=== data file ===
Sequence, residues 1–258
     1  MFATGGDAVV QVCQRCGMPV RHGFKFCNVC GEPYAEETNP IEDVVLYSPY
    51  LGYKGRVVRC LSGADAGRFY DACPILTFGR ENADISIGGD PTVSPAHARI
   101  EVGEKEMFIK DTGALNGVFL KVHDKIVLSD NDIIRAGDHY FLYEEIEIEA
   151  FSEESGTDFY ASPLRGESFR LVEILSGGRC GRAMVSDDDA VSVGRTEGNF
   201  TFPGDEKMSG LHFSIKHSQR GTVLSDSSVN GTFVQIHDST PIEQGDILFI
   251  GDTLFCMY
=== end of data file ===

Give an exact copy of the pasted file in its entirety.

Sequence, residues 1–258
     1  MFATGGDAVV QVCQRCGMPV RHGFKFCNVC GEPYAEETNP IEDVVLYSPY
    51  LGYKGRVVRC LSGADAGRFY DACPILTFGR ENADISIGGD PTVSPAHARI
   101  EVGEKEMFIK DTGALNGVFL KVHDKIVLSD NDIIRAGDHY FLYEEIEIEA
   151  FSEESGTDFY ASPLRGESFR LVEILSGGRC GRAMVSDDDA VSVGRTEGNF
   201  TFPGDEKMSG LHFSIKHSQR GTVLSDSSVN GTFVQIHDST PIEQGDILFI
   251  GDTLFCMY